Variation among different genotypes of hybrid poplar with regard to leaf volatile organic compound emissions

  • Allyson S D Eller (Creator)
  • Joost De Gouw (Contributor)
  • M. Graus (Creator)
  • Russell K Monson (Creator)

Dataset

Description

Plantations of hybrid poplar are used in temperate regions to produce woody biomass for forestry-related industries and are likely to become more prevalent if they are used as a source of cellulose for second-generation biofuels. Species in the genus <i>Populus</i> are known to emit great quantities of the volatile organic compounds (VOCs) isoprene and methanol, and lesser quantities of terpene VOCs, giving poplar plantations the potential to significantly influence regional atmospheric chemistry. The goals of this study were to quantify the differences in isoprene, methanol, and monoterpene emissions from 30 hybrid poplar genotypes, determine how well VOC emissions could be explained by growth, photosynthesis, and stomatal conductance, determine whether the parental crosses that created a genotype could be used to predict its emissions, and determine whether VOC emissions from different genotypes exhibit different responses to elevated CO<sub>2</sub>. We found that 40–50% of the variation in isoprene emissions across genotypes could be explained by a combination of instantaneous photosynthesis rate and seasonal aboveground growth and 30–35% of methanol emissions could be explained by stomatal conductance. We observed a threefold range in isoprene emissions across all 30 genotypes. Both genotype and parental cross were significant predictors of isoprene and monoterpene emissions. Genotypes from <i>P. tricocarpa</i> × <i>P. deltoides</i> (T × D) crosses generally had higher isoprene emissions and lower monoterpene emissions than those from <i>P. deltoides</i> × <i>P. nigra</i> (D × N) crosses. While isoprene and monoterpene emissions generally decreased under elevated CO<sub>2</sub> and methanol emissions generally increased, the responses varied among genotypes. Our findings suggest that genotypes with greater productivity tend to have higher isoprene emissions. Additionally, the genotypes with the lowest isoprene emissions under current CO<sub>2</sub> are not necessarily the ones with the lowest emissions under elevated CO<sub>2</sub>.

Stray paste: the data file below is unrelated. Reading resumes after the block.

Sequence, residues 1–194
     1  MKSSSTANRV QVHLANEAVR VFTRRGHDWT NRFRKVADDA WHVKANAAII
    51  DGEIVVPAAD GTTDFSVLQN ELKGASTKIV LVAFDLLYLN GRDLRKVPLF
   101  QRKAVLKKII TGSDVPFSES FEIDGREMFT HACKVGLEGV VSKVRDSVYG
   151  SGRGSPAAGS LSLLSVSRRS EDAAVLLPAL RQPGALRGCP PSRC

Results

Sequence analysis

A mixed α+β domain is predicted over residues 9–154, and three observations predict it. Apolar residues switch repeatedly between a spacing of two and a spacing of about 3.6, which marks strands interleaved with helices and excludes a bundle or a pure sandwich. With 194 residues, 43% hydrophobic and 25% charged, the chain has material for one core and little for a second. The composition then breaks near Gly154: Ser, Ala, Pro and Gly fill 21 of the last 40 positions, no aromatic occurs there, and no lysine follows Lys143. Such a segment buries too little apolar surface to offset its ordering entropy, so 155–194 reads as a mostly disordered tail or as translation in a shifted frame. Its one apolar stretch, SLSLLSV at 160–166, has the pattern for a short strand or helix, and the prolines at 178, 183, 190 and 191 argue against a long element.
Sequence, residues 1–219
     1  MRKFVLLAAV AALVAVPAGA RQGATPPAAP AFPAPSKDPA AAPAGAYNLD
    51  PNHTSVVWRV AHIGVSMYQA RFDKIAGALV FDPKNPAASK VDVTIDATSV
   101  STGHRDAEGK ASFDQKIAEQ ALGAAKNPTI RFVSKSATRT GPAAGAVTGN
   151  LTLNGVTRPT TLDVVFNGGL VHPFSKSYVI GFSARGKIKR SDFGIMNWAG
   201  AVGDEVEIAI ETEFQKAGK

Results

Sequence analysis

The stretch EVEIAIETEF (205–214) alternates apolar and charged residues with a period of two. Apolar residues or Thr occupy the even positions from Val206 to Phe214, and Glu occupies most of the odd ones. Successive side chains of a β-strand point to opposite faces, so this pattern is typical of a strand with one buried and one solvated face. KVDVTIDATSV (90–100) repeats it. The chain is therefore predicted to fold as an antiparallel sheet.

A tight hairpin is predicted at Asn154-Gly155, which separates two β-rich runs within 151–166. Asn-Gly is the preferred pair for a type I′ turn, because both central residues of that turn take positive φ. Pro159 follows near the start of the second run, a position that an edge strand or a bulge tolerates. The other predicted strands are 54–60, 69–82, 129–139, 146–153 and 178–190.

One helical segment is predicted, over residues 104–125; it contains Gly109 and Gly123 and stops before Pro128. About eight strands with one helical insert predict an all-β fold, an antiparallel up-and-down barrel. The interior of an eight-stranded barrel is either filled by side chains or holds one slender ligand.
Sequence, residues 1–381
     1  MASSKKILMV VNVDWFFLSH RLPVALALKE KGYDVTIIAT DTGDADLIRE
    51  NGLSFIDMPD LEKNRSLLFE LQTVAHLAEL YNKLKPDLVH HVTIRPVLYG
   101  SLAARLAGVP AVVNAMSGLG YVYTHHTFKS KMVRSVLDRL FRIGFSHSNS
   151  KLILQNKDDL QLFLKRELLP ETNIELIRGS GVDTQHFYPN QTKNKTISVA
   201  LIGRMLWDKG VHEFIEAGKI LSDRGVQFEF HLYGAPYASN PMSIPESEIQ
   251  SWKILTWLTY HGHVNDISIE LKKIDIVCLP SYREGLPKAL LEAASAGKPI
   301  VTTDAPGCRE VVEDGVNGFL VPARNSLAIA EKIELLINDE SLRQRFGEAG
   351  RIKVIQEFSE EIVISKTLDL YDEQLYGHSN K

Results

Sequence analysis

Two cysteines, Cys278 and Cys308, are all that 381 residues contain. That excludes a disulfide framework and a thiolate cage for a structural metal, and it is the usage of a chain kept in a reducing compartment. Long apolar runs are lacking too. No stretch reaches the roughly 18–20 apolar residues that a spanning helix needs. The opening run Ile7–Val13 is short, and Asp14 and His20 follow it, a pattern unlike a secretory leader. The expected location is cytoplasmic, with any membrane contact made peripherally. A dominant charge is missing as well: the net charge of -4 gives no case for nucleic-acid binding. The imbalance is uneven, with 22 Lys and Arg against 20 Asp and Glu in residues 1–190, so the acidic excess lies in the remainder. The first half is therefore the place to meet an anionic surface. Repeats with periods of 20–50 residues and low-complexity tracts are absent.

Date made available2016
Publisherfigshare

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